Giulia Steingruber/SUI (Olympic gymnast): “I think that the new teams-of-four rule is considered diversely in each country. For instance, it’s not that bad for Switzerland because we have very few female gymnasts and it will therefore be easier and better to form a team. However, it will be even more difficult for the United States in view of their large pool of female gymnasts.”

Many thanks to everyone for sharing their interesting thoughts!


  1. Daniel says:

    I think the comments of Farah Mahmoud and Steingruber are very telling. The “ridiculousness” of this change largely depends on where you were born.

  2. Julie says:

    It bothers me that US gymnasts don’t even take the time to understand the change but just spout off what other people are saying. They keep saying less girls will get to go to the Olympics from the US but in reality, more will go! And I truly don’t think girls will lose out on their dream because their dream is the Olympics, not the team final at the Olympics.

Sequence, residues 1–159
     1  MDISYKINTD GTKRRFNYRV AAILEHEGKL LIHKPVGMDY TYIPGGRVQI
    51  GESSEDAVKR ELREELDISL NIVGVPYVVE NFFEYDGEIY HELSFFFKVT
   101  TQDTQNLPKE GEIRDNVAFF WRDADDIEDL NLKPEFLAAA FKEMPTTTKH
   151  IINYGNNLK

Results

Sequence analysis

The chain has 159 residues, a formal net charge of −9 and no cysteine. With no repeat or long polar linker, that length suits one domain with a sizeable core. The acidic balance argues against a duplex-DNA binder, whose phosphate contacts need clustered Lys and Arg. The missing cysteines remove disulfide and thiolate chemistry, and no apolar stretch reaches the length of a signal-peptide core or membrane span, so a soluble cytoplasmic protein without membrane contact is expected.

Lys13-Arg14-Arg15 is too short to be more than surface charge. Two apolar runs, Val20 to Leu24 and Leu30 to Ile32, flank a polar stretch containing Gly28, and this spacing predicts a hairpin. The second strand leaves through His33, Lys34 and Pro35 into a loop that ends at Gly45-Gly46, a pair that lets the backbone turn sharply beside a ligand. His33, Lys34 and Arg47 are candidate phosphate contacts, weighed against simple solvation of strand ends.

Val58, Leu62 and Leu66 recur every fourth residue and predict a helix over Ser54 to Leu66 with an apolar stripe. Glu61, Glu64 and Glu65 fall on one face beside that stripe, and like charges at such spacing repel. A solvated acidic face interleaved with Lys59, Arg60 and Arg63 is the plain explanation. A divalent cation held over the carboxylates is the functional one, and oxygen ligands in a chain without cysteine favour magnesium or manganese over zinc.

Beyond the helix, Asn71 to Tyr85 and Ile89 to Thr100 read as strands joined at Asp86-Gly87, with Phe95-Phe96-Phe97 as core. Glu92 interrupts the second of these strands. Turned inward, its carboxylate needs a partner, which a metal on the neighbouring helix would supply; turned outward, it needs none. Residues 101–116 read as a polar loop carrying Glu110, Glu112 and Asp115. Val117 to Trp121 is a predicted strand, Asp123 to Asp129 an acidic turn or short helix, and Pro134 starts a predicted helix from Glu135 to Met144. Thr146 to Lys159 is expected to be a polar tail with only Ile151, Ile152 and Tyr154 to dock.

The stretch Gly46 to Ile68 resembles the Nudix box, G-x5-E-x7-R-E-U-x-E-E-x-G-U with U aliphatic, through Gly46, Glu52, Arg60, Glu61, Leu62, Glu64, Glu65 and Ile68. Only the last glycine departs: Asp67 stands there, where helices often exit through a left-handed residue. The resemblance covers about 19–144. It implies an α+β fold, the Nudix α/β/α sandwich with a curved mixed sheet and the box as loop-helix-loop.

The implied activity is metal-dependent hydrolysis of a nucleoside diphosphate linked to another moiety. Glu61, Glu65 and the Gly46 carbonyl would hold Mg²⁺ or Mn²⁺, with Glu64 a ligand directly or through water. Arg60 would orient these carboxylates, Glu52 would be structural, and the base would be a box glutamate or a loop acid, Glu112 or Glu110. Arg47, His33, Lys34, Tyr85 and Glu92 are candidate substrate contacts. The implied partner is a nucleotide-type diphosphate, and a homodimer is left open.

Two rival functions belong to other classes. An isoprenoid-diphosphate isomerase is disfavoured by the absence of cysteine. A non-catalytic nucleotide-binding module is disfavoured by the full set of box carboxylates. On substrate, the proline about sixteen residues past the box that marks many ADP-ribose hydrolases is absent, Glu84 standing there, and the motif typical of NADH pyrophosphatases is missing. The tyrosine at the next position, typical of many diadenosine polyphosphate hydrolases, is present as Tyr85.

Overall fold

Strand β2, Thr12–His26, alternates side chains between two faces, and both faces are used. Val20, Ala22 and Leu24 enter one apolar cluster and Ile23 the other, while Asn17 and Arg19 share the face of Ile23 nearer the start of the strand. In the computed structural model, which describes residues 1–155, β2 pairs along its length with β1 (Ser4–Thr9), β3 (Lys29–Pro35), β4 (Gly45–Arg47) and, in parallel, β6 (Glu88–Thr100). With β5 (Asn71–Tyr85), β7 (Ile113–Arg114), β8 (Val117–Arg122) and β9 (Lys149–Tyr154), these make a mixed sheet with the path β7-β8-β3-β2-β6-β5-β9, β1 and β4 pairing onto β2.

3. AP says:

    It’s going to be very interesting to see how the new setup unfolds during the next quadrennium. In particular, I’ll be curious to see how the gymnasts that compete in the World Cups in 2020 to try and qualify for an individual berth are chosen. Will the team coordinators be able to choose who they send to these competitions? For example, will the U.S. get to choose which gymnasts they send to these competitions, effectively saying “We want you to qualify to the Olympics, but not as a member of the four-member team?”